Poetic new venture is a soaring sonnet to success

BY VICTORIA PREVER visits a restaurant bold enough to open in the worst recession since paper money was invented Running a restaurant will never be easy. Hours are long, customers rarely grateful and the competition – especially in London – is now so fi

BY VICTORIA PREVER visits a restaurant bold enough to open in the worst recession since paper money was invented

Running a restaurant will never be easy. Hours are long, customers rarely grateful and the competition - especially in London - is now so fierce that making any sort of name for yourself means delivering something special.

Add the worst recession since paper money was invented and opening any new restaurant venture could be seen as downright foolish. With approximately 60 per cent of new restaurant openings failing in their first year in the previous economic climate this might not be the time to act the catering hero.

Despite this, some courageous soul has taken on the smart restaurant unit on the ground floor of a new block of flats on the corner of Abbey and Boundary Roads. It's visible, smart, with a ready-made customer base living over the shop, but it still takes a brave man to lay himself on the line in these times of crashing banks and tumbling economies.

The hero is Ilir Beqiri, who has spent the past 10 years toiling at the stoves of N1 stalwart, the Camden Brasserie. He met his front-of-house man Lucas Rycaj there.

A little unfairly, Grumpy and I visited on their third day of trading. I'd waited months and couldn't wait a moment longer. On a soggy Sunday, a single table of four girls was occupied. Tables are widely spaced and probably only number 12 at most, so no one is jostling past. With two glass walls, the room is bright and airy - even on such a grey day. Decor is clean and modern - burgundy and grey walls and dark wood tables. The kitchen is open, giving Beqiri a direct view of his punters. Grumpy had clocked his eager eyes starring out from the pass, taking more interest than normal in the goings on.

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The menu is fairly broad. Food is an international selection of favourites. Starters include salads - Caesar and duck - asparagus, soups and merguez as well as pastas and risottos, which can also be taken as a main course.

We kicked off with grilled haloumi and vegetables. The salty cheese was nicely charred and still tender enough not to have reached chewing gum consistency. The veg were well seasoned and sat on a bed of salad leaves. A good start. A basket of bread with was warm and fresh with decent cold butter in a neat white dish. The charming and friendly Lucas was excellent.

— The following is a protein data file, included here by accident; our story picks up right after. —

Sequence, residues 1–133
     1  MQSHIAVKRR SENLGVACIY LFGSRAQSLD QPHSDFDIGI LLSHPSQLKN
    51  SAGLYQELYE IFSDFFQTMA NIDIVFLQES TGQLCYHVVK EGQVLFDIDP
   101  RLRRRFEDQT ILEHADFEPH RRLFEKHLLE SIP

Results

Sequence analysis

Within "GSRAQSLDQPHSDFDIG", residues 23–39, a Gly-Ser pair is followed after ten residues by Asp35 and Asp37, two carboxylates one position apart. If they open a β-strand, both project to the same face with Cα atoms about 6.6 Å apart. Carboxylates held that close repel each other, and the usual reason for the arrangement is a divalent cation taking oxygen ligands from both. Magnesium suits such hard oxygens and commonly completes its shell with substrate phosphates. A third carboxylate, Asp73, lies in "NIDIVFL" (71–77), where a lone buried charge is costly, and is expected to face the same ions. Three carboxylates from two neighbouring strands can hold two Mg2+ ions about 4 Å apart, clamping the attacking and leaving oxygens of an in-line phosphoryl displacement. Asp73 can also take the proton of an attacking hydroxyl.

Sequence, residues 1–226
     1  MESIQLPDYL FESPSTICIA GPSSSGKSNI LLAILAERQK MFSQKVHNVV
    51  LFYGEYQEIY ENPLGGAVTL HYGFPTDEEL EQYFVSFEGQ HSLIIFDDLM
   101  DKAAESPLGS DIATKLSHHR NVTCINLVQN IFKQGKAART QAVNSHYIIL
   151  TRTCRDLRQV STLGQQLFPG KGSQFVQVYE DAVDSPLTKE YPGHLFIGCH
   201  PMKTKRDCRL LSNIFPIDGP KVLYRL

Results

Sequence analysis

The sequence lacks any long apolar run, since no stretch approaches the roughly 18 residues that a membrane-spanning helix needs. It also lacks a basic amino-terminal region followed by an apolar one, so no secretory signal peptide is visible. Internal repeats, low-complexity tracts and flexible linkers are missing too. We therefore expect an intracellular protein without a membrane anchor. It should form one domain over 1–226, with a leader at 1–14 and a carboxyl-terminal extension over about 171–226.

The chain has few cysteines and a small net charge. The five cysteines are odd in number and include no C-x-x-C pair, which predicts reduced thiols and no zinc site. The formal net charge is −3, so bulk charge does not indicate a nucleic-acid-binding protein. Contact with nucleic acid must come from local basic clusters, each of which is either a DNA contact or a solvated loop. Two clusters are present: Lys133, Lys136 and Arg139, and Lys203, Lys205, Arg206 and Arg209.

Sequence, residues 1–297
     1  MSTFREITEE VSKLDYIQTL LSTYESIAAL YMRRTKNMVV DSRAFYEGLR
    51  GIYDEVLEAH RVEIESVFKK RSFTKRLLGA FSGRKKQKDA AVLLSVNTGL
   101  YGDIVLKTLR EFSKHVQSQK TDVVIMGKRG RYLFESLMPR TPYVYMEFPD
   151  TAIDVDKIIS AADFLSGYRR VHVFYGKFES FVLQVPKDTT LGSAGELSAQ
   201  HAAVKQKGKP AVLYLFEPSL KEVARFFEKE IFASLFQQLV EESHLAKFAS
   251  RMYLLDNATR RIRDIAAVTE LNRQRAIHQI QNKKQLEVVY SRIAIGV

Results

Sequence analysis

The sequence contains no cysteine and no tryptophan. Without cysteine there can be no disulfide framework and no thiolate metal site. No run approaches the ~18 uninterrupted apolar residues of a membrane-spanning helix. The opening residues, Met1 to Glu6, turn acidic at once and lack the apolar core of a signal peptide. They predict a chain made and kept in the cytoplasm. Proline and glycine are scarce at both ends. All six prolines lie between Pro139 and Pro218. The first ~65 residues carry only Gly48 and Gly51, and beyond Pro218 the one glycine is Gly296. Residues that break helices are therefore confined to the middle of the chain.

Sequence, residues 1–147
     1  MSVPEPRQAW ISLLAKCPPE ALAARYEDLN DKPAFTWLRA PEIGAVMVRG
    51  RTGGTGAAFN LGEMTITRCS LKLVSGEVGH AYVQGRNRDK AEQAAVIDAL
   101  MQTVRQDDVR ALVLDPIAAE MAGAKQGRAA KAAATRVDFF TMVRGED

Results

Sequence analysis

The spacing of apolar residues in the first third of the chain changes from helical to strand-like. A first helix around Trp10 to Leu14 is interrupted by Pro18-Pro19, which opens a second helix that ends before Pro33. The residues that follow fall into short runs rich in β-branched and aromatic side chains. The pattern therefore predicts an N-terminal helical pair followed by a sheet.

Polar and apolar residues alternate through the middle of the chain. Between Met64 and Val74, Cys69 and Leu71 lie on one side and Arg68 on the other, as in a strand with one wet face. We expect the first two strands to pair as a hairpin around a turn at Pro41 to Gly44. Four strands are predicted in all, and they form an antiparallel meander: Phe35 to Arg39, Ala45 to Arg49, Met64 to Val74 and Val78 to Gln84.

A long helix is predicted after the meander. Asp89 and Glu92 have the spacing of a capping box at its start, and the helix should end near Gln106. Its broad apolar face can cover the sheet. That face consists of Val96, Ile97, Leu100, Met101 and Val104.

The peace of our private dining room was interrupted by a party of six adults and two children. High chairs were found for the smaller members of the party. Beqiri is clearly ready for his market.

Mains are similarly varied - a compendium of crowd pleasers. Grilled chicken, sausage, duck and liver, pastas and risottos, four types of fish - three of them with chips - and long lists of grilled beefburgers and different cuts of steak.

Grumpy played it safe with tagliatelle in a creamy pesto sauce. It did what it said on the tin - a bowl of piping hot pasta coated in smooth sauce. Although it was more creamy looking than Pesto-ey it was flecked with plenty of basil and (unusually) almonds. It got a thumbs up from that side of the table.

My hamburger, topped with Kirkham cheddar was good, although could have done with a bit more seasoning. My only, very minor, complaint was that I'd asked for it medium but what arrived was rather more rare. I chose not to send it back but I'm sure it would not have been a problem. The brioche bun was a classy touch, as was the thick mayo on the side and nicely dressed salad leaves. The wooden bowl of French fries - which Lucas announced as the best in London - were hot, crisp and fought over.

Two more tables arrived while we were eating our main course, diverting Lucas slightly but he seemed to just about stay on top of things, and more staff began to arrive.

We asked for the dessert list, which are all listed as homemade. It's another roll call of Euro favourites - creme brulee, tiramisu, cheesecake, black and white chocolate mousse, Vin Santo with cantuccini.

Running late, we asked if we could have ours "to go". Unphased, Lucas presented us with our orange cheesecake with fresh passion fruit in a foil package. It was excellent, a solid biscuity base under light, fluffy cream cheese topping, flecked with vanilla. The acidic, tangy orange flavour was well matched with the fresh passion fruit.

With no alcohol and a 12.5 per cent service charge, the bill came in just short of £40, which is not bad value. It definitely gives Cafe Med - whose food seemed a bit off the mark on my last couple of visits - a run for its money and is a great local asset. I'll definitely return. I hope Beqiri's courage is rewarded. He deserves success.

Poem, 94 Boundary Road, London, NW8 4JG

Telephone: 020-7372 7987


Food: four star rating

Service four star rating:

Hours: Mondays to Fridays 11am to 11pm, Saturdays and Sundays 10am to 11pm.

Cost: £40 for two (no wine) including service .